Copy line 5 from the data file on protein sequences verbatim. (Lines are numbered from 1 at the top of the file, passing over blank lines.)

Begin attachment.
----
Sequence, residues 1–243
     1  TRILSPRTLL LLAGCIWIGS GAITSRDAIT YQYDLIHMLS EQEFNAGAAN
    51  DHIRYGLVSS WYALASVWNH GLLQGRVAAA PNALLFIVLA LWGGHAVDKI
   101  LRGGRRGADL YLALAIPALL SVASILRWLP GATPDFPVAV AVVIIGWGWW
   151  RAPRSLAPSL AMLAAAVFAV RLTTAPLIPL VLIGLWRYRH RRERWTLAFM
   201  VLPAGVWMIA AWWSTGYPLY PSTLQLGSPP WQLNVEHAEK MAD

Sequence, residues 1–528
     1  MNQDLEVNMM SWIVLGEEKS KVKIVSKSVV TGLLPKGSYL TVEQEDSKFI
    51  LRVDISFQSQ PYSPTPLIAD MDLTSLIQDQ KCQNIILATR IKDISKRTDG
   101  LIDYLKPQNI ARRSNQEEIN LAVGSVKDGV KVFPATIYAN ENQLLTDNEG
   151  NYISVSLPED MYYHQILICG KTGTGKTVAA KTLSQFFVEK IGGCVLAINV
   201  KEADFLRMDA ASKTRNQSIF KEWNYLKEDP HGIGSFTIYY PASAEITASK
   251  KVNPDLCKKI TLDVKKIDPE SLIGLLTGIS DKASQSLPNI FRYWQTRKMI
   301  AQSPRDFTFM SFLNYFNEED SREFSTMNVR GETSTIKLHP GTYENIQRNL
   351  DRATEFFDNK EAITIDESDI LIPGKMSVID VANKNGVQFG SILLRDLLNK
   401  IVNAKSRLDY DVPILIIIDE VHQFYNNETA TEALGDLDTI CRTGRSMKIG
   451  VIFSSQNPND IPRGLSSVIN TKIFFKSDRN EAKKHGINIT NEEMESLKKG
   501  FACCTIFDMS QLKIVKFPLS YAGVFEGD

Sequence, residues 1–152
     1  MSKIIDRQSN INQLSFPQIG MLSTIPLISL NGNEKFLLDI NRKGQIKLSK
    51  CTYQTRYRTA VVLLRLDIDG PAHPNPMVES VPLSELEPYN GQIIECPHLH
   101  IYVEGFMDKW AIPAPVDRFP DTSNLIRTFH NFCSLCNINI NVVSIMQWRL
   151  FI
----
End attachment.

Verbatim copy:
   151  RAPRSLAPSL AMLAAAVFAV RLTTAPLIPL VLIGLWRYRH RRERWTLAFM